The sun beats down on campus, seemingly begging you to join in on its warmth and perhaps come out of hibernation after a frigid winter.
The only thing stopping you is that it’s finals week.
After exams, you escape from campus with nothing but that semester’s weary memories and the dirty laundry you’ve built up, thinking that campus is only alive and well when filled with students.
However, St. John’s is no ghost town in-between semesters.
During the summer months, the University is busting with teenagers from Italy who can’t wait to get a taste of the big city while learning English.
Master Studio, the foreign program that aids the students, not only teaches them English, but immerses them in one of the most fast-paced cities in America, Gen Prifte, one of the project managers said.
Master Studio accounts for millions of dollars in revenue for St. John’s every year according to Prifte, and in turn the Queens campus houses thousands of teenagers under the age of 18.
Conference Services runs the Residence Village for these guests from mid-May until early August, says Prifte.
“The guests might not arrive until after the semester ends but the preparations begins way before that,” he said. “The office started interviewing student workers at the end of February for all of the departments.”
The main departments are Housekeeping, Registration, Facilities and Student Ambassadors, all of which play an integral part in making everything run smoothly, according to Prifte.
The Office of Conferences Services hires several hundred student workers each summer.
The first American faces that these anxious kids see are those of the student Ambassadors who pick them up from the airport.
“I wasn’t really sure what to expect when my team and I did our first airport pick-up, but it turned out to be really surprising,” Student Ambassador Caterina Capizzi said. “The kids were overwhelmed at first, but still likeable because they have such an affectionate culture.”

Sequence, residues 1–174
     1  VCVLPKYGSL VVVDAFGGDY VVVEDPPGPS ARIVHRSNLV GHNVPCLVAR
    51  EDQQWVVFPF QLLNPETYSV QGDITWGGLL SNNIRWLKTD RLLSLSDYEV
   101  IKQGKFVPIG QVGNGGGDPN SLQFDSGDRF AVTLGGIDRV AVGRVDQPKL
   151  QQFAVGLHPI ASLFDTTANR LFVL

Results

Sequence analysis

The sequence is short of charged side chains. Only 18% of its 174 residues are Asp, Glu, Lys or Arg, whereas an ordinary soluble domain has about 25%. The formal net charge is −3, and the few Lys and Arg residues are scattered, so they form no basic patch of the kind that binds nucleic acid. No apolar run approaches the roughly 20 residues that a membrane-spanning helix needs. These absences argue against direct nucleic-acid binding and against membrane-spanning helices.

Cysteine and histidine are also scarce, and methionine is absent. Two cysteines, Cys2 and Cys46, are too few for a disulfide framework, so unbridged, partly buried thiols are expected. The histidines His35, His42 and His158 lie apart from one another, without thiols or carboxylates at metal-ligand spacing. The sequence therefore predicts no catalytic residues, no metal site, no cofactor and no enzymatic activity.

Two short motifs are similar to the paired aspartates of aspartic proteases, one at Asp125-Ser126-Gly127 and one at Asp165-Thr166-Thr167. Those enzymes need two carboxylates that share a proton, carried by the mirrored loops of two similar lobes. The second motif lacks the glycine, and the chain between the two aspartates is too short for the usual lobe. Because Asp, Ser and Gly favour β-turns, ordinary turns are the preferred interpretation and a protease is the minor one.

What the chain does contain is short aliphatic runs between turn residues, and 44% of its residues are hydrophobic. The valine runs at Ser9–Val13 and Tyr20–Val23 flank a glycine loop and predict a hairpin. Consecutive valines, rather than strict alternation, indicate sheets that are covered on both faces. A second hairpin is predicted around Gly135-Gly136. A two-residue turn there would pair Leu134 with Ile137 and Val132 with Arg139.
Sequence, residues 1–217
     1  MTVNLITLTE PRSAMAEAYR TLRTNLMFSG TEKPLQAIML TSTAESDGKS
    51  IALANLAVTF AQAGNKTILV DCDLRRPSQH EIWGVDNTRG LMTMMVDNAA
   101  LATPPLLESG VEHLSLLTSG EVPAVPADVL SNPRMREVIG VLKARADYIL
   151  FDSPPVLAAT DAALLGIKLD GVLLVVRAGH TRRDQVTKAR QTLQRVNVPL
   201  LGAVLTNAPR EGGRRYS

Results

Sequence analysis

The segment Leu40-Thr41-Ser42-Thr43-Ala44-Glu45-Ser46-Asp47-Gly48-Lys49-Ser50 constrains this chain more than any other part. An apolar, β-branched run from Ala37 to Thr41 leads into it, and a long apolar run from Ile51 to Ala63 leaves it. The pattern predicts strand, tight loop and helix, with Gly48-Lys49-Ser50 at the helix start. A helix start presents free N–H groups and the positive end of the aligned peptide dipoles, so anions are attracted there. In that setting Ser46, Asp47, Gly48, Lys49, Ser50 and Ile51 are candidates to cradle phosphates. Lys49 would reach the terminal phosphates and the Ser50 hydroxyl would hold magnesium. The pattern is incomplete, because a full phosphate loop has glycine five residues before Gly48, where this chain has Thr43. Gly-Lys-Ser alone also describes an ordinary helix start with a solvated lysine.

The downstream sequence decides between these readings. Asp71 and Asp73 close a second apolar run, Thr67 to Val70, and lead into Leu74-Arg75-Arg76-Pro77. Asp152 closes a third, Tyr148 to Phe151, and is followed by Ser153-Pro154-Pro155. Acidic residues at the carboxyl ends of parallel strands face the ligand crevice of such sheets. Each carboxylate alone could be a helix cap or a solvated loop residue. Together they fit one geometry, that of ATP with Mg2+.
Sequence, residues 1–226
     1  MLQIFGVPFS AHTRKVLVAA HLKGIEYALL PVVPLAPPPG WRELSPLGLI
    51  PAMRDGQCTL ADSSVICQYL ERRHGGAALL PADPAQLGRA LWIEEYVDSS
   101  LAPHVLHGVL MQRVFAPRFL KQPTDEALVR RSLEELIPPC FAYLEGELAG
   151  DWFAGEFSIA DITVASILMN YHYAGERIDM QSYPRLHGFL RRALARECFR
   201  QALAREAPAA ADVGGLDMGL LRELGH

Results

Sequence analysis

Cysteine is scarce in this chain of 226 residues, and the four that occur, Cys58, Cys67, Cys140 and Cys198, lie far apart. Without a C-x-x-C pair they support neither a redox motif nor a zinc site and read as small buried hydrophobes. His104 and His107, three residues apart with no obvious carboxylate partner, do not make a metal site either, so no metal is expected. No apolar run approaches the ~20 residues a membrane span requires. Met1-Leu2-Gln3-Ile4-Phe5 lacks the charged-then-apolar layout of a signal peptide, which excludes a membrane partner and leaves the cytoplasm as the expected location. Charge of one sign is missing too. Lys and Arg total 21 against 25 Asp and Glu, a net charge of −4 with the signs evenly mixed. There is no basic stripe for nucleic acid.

Capizzi’s duties included making sure the kids arrived safely on the Queens campus, eating nearly every meal with them in Montgoris and even looking up monuments and restaurants for them to visit on their city excursions.
“What I found the most interesting was that these kids believed all of the American stereotypes they saw on television,” she said.
However, not all of the duties are as rewarding as interacting with the eager guests.
The Facilities Department handles setting up for events such as the Farewell Barbecue and cleaning up behind the guests in Montgoris Dining Hall after each meal. According to members of the housekeeping team, things get messy during the summer. The housekeeping team stocks every room with sheets, pillows and blankets. They clean up each room after the students leave, file damage reports and make repairs as needed.
“I’ve got several friends who have worked for facilities during the summer and the difference is like night and day,” a member of the housekeeping team said. “The kids from the Master Studio program aren’t the neatest people.”
But campus is as good as new come September when Residence Village is overcome with fresh-faced freshmen for orientation, and before you know it, it is move-in day.